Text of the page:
Hamlet's theological accomplishments do more than exacerbate his feelings. For the ordinary revenger, the commission from the ghost of the murdered father would be more than enough to start the bloodletting. But Hamlet is aware of the unreliability of otherworldly apparitions, and consequently he is reluctant to heed the ghost's injunction to perform an action which is objectively evil. In addition, the fear that his father was murdered in a state of sin and is condemned to hell not only increases Hamlet's sense of injustice but also, paradoxically, casts further doubt on the reliability of the ghost's exhortation. Is the ghost, Hamlet wonders, merely an infernal spirit goading him to sin?
Thus, Hamlet's indecision is not an indication of weakness, but the result of his complex understanding of the moral dilemma with which he is faced. He is unwilling to act unjustly, yet he is afraid that he is failing to exact a deserved retribution. He debates the murky issue and becomes unsure himself whether his behavior is caused by moral scruple or cowardice. He is in sharp contrast with the cynicism of Claudius and the verbose moral platitudes of Polonius. The play is in sharp contrast with the moral simplicity of the ordinary revenge tragedy. Hamlet's intelligence has transformed a stock situation into a unique internal conflict.
He believes that he must have greater certitude of Claudius' guilt if he is to take action. The device of the play within a play provides greater assurance that Claudius is suffering from a guilty conscience, but it simultaneously sharpens Hamlet's anguish. Having seen a re-creation of his father's death and Claudius' response, Hamlet is able to summon the determination to act. However, he once again hesitates when he sees Claudius in prayer because he believes that the king is repenting and, if murdered at that moment, will go directly to heaven. Here Hamlet's inaction is not the result of cowardice nor even of a perception of moral ambiguity. Rather, after all of his agonizing, Hamlet once decided on revenge is so thoroughly committed that his passion cannot be satiated except by destroying his uncle body and soul. It is ironic that Claudius has been unable to repent and that Hamlet is thwarted this time by the combination of his theological insight with the extreme ferocity of his vengeful intention.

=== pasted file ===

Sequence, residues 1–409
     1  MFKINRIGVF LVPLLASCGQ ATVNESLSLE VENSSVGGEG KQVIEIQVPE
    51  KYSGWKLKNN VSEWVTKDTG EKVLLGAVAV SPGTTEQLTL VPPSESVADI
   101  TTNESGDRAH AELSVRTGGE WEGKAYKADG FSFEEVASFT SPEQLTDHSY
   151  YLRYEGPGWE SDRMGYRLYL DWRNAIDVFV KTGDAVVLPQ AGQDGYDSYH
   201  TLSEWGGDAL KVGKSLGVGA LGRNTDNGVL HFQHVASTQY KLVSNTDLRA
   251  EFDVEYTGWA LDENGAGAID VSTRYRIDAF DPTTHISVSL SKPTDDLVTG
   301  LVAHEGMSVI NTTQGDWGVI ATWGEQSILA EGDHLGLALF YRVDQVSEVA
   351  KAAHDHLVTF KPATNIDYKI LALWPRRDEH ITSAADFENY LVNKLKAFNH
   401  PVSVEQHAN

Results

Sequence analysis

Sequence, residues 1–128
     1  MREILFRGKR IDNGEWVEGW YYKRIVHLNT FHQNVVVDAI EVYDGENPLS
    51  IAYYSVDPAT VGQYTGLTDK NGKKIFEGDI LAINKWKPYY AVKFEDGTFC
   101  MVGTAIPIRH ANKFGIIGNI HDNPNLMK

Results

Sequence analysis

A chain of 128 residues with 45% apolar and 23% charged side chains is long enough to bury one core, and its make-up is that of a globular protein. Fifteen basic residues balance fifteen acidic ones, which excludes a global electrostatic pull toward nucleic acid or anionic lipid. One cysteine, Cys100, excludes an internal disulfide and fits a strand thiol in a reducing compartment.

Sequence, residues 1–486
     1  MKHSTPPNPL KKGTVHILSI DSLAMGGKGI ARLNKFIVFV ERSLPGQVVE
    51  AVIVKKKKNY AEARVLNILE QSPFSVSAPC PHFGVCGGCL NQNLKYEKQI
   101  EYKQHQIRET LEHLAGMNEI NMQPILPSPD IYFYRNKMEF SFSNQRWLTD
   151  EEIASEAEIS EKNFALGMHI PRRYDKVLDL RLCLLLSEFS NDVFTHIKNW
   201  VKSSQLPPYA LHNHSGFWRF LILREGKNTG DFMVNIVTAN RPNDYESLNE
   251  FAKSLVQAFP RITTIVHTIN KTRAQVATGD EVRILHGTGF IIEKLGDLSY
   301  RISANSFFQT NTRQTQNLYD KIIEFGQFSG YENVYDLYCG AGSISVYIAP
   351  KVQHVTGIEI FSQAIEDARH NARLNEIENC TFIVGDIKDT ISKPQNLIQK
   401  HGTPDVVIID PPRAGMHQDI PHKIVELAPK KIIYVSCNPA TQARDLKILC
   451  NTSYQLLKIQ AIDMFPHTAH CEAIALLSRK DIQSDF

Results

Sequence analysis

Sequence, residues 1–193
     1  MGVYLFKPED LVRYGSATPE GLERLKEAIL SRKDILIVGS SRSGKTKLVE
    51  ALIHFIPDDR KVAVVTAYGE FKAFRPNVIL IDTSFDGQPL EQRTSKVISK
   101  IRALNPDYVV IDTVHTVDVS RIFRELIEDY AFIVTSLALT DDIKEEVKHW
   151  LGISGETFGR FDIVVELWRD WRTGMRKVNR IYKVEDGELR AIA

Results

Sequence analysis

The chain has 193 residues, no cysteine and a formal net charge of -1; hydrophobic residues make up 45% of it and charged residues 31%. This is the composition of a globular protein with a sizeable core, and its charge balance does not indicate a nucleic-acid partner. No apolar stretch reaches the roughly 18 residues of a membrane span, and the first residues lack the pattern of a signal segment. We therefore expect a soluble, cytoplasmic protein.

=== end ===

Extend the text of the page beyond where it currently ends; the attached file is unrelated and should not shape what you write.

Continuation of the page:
That Hamlet loses his mental stability is clear in his behavior toward Ophelia and in his subsequent mean-derings. Circumstance had enforced a role whose enormity has overwhelmed the fine emotional and intellectual balance of a sensitive, well-educated young man. Gradually he regains control of himself and is armed with a cold determination to do what he decides is the just thing. Yet, even then, it is only in the carnage of the concluding scenes that Hamlet finally carries out his intention. Having concluded that "the readiness is all," he strikes his uncle only after he has discovered Claudius' final scheme to kill him and Laertes, but by then he is mortally wounded.
The arrival of Fortinbras, who has been lurking in the background throughout the play, superficially seems to indicate that a new, more direct and courageous order will prevail in the place of the evil of Claudius and the weakness of Hamlet. But Fortinbras' superiority is only apparent. He brings stasis and stability back to a disordered kingdom, but he does not have the self-consciousness and moral sensitivity which destroy and redeem Hamlet.
Gerald Else has interpreted Aristotle's notion of katharsis to be not a purging of the emotions but a purging of a role of the moral horror, the pity and fear, ordinarily associated with it. If that is so, then Hamlet, by the conflict of his ethical will with his role, has purged the revenger of his horrific bloodthirstiness and turned the stock figure into a self-conscious hero in moral conflict.